12. 12. Translation as probability “Decoding” Training “Log-linear” Ain’t got nothin’ but the BLEUs? The SMT lifecycle “Log-linear”/2 One can write a more general formula: p(t|s) = exp( nF k=1 λk fk (t, s)) Z (5) with nF feature functions fk (t, s) which can depend on s, t or both. Setting nF = 2, f1(s, t) = log p(s|t), f2(s, t) = log p(t), and Z = p(s) one recovers the canonical formula (3). The best translation is then t = arg max t nF k=1 λk fk (t, s) (6) Most of the fk (t, s) are logarithms, hence “log-linear”. Mikel L. Forcada SMT in a few slides
  13. 13. Translation as probability “Decoding” Training “Log-linear” Ain’t got nothin’ but the BLEUs? The SMT lifecycle “Log-linear”/3 “Feature selection is a very open problem in SMT” (Lopez 2008) Other possible functions include length penalties (discouraging unreasonably short or long translations), “inverted” versions of p(s|t), etc. Where do we get the λk ’s from? They are usually tuned so as to optimize the results on a tuning set, according to a certain objective function that is taken to be an indicator that correlates with translation quality may be automatically obtained from the output of the SMT system and the translation in the corpus. This is called MERT (minimum error rate training) sometimes (free/open-source software: the Moses suite). Mikel L. Forcada SMT in a few slides
  14. 14. Translation as probability “Decoding” Training “Log-linear” Ain’t got nothin’ but the BLEUs? The SMT lifecycle Ain’t got nothin’ but the BLEUs? The most famous “quality indicator” is called BLEU, but there are many others. BLEU counts which fraction of the 1-word, 2-word,. . . n-word sequences in the output match the reference translation. Correlation with subjective assessments of quality is still an open question. A lot of SMT research is currently BLEU-driven and makes little contact with real applications of MT. Mikel L. Forcada SMT in a few slides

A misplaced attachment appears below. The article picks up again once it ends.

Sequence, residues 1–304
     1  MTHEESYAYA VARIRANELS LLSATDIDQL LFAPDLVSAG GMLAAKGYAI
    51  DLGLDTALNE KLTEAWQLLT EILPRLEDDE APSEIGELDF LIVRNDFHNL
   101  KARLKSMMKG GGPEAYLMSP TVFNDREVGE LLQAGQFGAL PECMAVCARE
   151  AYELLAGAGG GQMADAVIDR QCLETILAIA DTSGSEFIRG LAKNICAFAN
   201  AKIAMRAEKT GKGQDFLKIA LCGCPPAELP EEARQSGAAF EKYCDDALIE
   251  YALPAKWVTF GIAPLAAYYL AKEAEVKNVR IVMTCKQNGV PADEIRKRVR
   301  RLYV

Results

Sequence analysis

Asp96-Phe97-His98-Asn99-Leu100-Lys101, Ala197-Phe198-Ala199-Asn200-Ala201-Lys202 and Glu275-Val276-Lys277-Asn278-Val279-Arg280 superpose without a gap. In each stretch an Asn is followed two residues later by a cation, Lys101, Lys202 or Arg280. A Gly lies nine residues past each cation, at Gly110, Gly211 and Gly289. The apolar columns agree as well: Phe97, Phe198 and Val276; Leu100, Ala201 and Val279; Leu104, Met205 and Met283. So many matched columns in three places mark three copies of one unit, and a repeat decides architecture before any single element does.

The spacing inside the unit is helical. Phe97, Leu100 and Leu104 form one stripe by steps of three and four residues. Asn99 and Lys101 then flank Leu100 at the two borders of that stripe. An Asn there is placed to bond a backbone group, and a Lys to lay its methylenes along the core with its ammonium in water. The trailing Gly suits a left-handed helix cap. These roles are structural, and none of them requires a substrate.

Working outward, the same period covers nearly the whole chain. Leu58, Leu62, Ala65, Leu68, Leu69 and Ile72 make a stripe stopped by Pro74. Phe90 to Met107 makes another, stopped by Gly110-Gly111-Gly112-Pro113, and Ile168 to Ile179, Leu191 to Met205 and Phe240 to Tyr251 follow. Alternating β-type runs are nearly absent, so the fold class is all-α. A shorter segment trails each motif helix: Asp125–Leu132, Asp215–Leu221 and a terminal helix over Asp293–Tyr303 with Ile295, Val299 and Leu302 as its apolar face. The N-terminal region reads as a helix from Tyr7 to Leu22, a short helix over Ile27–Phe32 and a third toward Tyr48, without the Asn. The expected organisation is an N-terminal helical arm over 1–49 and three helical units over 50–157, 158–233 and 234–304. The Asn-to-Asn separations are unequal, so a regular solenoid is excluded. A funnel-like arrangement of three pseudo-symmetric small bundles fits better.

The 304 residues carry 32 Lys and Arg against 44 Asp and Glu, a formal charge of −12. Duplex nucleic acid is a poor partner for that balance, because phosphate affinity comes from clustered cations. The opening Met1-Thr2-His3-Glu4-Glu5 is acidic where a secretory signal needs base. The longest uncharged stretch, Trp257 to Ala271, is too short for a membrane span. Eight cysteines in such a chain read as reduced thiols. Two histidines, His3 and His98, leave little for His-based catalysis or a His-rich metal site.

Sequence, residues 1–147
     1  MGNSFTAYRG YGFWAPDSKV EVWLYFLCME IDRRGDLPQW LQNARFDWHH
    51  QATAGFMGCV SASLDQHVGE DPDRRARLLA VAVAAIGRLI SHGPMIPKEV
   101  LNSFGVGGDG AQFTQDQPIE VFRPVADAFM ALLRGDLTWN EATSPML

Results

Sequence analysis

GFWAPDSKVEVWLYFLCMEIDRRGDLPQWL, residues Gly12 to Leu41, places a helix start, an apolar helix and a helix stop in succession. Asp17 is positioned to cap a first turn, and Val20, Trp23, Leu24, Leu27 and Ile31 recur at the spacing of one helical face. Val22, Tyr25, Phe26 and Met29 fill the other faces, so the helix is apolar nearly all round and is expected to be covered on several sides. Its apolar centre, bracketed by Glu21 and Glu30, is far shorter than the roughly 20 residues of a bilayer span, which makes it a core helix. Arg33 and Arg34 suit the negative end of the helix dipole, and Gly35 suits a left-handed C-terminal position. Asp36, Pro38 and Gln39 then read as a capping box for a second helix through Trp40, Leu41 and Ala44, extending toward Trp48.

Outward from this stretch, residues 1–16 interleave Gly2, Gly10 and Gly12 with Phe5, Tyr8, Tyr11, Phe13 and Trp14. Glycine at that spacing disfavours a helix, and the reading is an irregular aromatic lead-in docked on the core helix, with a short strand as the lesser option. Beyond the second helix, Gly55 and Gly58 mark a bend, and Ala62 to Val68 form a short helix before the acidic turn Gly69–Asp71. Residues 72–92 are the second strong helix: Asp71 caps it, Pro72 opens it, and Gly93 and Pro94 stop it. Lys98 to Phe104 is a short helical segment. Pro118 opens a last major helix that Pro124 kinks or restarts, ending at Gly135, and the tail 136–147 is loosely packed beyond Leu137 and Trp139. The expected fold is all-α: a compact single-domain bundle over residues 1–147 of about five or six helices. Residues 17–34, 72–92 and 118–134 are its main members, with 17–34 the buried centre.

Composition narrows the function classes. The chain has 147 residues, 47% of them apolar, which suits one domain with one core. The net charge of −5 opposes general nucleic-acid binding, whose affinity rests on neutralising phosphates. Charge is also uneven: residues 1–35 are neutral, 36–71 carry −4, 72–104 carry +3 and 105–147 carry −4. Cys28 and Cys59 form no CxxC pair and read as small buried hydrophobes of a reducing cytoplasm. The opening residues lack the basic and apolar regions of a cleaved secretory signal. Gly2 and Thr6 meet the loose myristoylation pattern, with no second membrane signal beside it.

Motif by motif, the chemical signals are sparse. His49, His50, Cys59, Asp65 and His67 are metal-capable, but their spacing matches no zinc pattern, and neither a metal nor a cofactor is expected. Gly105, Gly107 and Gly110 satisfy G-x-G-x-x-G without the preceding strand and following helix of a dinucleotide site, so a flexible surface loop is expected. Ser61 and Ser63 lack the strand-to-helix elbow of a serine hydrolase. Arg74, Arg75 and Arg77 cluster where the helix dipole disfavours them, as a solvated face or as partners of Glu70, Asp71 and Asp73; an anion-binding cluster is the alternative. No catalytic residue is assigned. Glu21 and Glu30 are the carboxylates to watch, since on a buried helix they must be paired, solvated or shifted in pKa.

15. 15. Translation as probability “Decoding” Training “Log-linear” Ain’t got nothin’ but the BLEUs? The SMT lifecycle The SMT lifecycle Development: Training: monolingual and sentence-aligned bilingual corpora are used to estimate probability models (features) Tuning: a held-out portion of the sentence-aligned bilingual corpus is used to tune the coeficients λk Decoding: sentences s are fed into the SMT system and “decoded” into their translations t. Evaluation: the system is evaluated against a reference corpus. Mikel L. Forcada SMT in a few slides
  16. 16. Translation as probability “Decoding” Training “Log-linear” Ain’t got nothin’ but the BLEUs? The SMT lifecycle License This work may be distributed under the terms of the Creative Commons Attribution–Share Alike license: http: //creativecommons.org/licenses/by-sa/3.0/ the GNU GPL v. 3.0 License: http://www.gnu.org/licenses/gpl.html Dual license! E-mail me to get the sources: mlf@ua.es Mikel L. Forcada SMT in a few slides